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Implementing the RISE second victim support programme at the Johns Hopkins Hospital: a case study
  1. Hanan Edrees1,2,
  2. Cheryl Connors3,4,
  3. Lori Paine3,4,
  4. Matt Norvell3,
  5. Henry Taylor1,
  6. Albert W Wu1,4
  1. 1Johns Hopkins Bloomberg School of Public Health, Baltimore, Maryland, USA
  2. 2National Guard Health Affairs, Quality Management/King Abdullah International Medical Research Center/King Saud bin Abdulaziz University for Health Sciences, Riyadh, Kingdom of Saudi Arabia
  3. 3Johns Hopkins Hospital, Baltimore, Maryland, USA
  4. 4Johns Hopkins Armstrong Institute for Patient Safety and Quality, Baltimore, Maryland, USA
  1. Correspondence to Dr Albert W Wu; awu{at}


Background Second victims are healthcare workers who experience emotional distress following patient adverse events. Studies indicate the need to develop organisational support programmes for these workers. The RISE (Resilience In Stressful Events) programme was developed at the Johns Hopkins Hospital to provide this support.

Objective To describe the development of RISE and evaluate its initial feasibility and subsequent implementation. Programme phases included (1) developing the RISE programme, (2) recruiting and training peer responders, (3) pilot launch in the Department of Paediatrics and (4) hospital-wide implementation.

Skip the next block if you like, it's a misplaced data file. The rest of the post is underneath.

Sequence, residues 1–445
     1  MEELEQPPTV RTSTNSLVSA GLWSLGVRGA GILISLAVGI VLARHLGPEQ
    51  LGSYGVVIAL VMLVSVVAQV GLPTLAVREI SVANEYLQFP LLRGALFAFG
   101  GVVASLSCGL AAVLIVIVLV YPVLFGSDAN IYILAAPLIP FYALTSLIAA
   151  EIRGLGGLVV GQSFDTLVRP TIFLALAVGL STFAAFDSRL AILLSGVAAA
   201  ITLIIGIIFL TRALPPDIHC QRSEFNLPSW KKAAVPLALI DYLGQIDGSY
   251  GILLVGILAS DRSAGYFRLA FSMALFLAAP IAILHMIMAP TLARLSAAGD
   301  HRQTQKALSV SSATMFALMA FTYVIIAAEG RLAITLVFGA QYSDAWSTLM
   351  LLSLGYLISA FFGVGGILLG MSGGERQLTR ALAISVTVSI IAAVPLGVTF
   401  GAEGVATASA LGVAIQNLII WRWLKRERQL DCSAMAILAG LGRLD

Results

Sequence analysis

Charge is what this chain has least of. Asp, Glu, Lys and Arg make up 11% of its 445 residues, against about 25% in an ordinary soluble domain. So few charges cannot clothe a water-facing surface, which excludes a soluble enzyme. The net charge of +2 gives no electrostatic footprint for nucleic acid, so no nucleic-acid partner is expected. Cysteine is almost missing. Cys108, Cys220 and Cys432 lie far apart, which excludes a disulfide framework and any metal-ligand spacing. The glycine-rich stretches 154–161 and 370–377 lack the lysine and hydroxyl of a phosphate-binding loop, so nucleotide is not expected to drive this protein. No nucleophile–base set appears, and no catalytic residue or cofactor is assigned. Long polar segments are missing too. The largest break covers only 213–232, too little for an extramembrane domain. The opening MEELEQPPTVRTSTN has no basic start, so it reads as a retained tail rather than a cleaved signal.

Methods Mixed-methods study, including frequency counts of encounters, staff surveys and evaluations by RISE peer responders. Descriptive statistics were used to summarise demographic characteristics and proportions of responses to categorical, Likert and ordinal scales. Qualitative analysis and coding were used to analyse open-ended responses from questionnaires and focus groups.

Results A baseline staff survey found that most staff had experienced an unanticipated adverse event, and most would prefer peer support. A total of 119 calls, involving ∼500 individuals, were received in the first 52 months. The majority of calls were from nurses, and very few were related to medical errors (4%). Peer responders reported that the encounters were successful in 88% of cases and 83.3% reported meeting the caller's needs. Low awareness of the programme was a barrier to hospital-wide expansion. However, over the 4 years, the rate of calls increased from ∼1–4 calls per month. The programme evolved to accommodate requests for group support.

Conclusions Hospital staff identified the need for a multidisciplinary peer support programme for second victims. Peer responders reported success in responding to calls, the majority of which were for adverse events rather than for medical errors. The low initial volume of calls emphasises the importance of promoting awareness of the value of emotional support and the availability of the programme.

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